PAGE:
my experience thats always a distributor. Id. at 67. The police detective
testified in generalities based on his experience and drew no conclusions with
regard to Mr. Mundys intent personally. Mr. Mundy was found guilty and
sentenced to 120 months incarceration, followed by eight years of supervised
release, with a special assessment of $100.00. I R., Doc. 69.

Mr. Mundy first contends that the district court erred in denying his motion
to exclude the police detectives testimony with regard to factors supporting an
intent to distribute. Mr. Mundy asserts that the testimony violates Federal Rule of
Evidence 704(b), which prohibits an expert from giving an opinion regarding
whether or not the defendant had the requisite mental state. We review the
district courts admission of evidence for an abuse of discretion. United States v.

Muldrow, 19 F.3d 1332, 1337 (10th Cir. 1994).

Federal Rule of Evidence 702 allows the court to admit specialized
knowledge if it will assist the trier of fact to understand the evidence or to
determine a fact in issue. Rule 702 thus dictates a common-sense inquiry of
whether a juror would be able to understand the evidence without specialized
knowledge concerning the subject. United States v. McDonald, 933 F.2d 1519,
1522 (10th Cir. 1991). We have noted in several possession with intent to
distribute cases that an experts testimony with regard to the significance of a
quantity of drugs possessed is specialized knowledge that assists the jury in
understanding a fact at issue. Id. at 1522 (A person possessing no knowledge of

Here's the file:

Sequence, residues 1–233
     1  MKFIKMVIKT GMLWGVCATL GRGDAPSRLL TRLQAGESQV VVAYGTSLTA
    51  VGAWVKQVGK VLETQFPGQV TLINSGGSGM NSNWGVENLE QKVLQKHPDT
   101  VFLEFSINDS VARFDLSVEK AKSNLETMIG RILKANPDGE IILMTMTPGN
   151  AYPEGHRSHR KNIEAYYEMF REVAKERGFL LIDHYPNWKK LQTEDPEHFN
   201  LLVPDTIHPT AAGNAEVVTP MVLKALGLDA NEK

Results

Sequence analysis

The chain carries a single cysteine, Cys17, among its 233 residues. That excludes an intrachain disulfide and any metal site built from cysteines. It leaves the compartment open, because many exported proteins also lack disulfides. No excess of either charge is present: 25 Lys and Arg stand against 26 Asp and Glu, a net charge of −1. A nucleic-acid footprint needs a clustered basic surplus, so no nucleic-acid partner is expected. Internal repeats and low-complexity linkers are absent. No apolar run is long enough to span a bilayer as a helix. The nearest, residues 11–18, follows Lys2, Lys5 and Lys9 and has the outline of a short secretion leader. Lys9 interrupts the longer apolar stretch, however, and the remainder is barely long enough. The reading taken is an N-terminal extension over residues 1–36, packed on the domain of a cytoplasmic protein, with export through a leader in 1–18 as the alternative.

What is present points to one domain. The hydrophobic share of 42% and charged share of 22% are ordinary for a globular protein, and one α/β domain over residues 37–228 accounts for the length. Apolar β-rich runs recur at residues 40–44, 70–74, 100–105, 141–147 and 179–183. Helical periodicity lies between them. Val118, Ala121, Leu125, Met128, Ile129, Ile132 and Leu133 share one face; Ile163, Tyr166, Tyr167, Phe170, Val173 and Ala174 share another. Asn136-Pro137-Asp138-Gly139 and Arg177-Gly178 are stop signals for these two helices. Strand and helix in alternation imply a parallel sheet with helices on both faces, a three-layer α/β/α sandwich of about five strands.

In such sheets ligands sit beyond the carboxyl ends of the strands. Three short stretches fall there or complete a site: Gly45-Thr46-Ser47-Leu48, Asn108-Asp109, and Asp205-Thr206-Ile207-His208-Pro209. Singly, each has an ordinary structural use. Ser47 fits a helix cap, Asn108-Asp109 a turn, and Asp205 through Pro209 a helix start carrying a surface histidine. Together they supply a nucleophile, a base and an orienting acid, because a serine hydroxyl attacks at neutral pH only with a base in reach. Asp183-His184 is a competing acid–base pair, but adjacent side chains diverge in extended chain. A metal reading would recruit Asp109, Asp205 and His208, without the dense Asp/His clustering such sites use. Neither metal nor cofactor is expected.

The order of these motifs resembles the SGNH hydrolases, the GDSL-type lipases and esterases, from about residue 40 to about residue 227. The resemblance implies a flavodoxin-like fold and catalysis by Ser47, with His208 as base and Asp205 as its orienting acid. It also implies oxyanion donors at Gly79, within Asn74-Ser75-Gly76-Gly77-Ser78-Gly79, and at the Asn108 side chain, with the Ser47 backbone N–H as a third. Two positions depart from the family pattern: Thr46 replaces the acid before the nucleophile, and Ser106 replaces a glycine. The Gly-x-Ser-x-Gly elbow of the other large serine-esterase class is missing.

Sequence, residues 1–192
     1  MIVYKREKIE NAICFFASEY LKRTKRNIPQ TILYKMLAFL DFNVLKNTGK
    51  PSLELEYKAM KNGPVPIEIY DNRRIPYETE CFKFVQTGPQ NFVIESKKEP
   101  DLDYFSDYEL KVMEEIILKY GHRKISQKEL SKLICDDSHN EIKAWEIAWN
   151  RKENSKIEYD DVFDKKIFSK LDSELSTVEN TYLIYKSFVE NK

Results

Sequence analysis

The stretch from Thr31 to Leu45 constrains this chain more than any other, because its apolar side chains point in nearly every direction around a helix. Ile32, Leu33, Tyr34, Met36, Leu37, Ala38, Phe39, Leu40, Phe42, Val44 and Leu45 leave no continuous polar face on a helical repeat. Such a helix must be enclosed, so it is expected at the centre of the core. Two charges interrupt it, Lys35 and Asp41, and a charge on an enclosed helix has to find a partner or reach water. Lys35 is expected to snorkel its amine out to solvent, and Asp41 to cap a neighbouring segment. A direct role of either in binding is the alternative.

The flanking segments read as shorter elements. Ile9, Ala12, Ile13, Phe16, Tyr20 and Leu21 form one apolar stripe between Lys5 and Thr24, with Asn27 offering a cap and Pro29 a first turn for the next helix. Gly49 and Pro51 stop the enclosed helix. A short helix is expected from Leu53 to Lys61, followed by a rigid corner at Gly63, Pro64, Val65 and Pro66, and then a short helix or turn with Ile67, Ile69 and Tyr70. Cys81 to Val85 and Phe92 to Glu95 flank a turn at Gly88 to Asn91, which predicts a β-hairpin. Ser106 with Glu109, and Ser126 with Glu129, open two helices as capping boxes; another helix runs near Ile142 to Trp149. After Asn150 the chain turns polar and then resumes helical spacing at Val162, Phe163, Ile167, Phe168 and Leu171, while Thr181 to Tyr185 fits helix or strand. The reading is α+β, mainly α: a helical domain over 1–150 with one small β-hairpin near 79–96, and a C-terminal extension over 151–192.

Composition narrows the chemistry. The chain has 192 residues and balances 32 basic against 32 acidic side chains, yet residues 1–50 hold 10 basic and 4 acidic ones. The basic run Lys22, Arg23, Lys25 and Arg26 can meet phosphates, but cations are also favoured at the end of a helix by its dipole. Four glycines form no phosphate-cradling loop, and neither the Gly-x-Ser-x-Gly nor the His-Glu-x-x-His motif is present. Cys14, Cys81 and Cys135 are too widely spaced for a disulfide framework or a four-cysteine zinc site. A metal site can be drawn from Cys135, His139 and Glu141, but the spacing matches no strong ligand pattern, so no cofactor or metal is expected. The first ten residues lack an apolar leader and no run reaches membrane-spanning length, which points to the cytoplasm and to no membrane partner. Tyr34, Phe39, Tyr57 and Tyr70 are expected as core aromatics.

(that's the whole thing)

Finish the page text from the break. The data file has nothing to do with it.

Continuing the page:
the drug world would find the importance of this fact impossible to understand.
The average juror would not know whether this quantity is a mere trace, or
sufficient to pollute 1,000 people.); Muldrow, 19 F.3d at 1338 (finding that
[t]he amount of cocaine involved in the case before us . . . ha[s] little
significance to those unfamiliar with drug use, and therefore expert testimony is
appropriate); see also United States v. Dirden, 38 F.3d 1131, 1142 (10th Cir.
1994) (noting expert testimony was presented that quantity would have been for
distribution and not personal use); United States v. Deninno, 29 F.3d 572, 577
(10th Cir. 1994) (finding sufficient evidence of intent to distribute based on
expert testimony that the amount was consistent with amounts that are

distributed). Thus, the evidence was proper under Rule 702.

In addition, the expert testimony did not violate Rule 704. Rule 704 only
prevents experts from expressly stating the final conclusion or inference as to
defendants actual mental state. The rule does not prevent the expert from
testifying to facts or opinions from which the jury could conclude or infer the
defendant had the requisite mental state. United States v. Richard, 969 F.2d 849,
854-55 (10th Cir. 1992) (noting that testimony with regard to the roles played in
drug transactions was not prohibited under Rule 704(b)). We remind trial judges,
however, that they should always engage in the process of carefully weigh[ing]
the testimonys probative value against its possible prejudicial effect. United
States v. Bosch, 914 F.2d 1239, 1244 (9th Cir. 1990). In this case, the police
officer spoke in general terms about the different factors that suggest a particular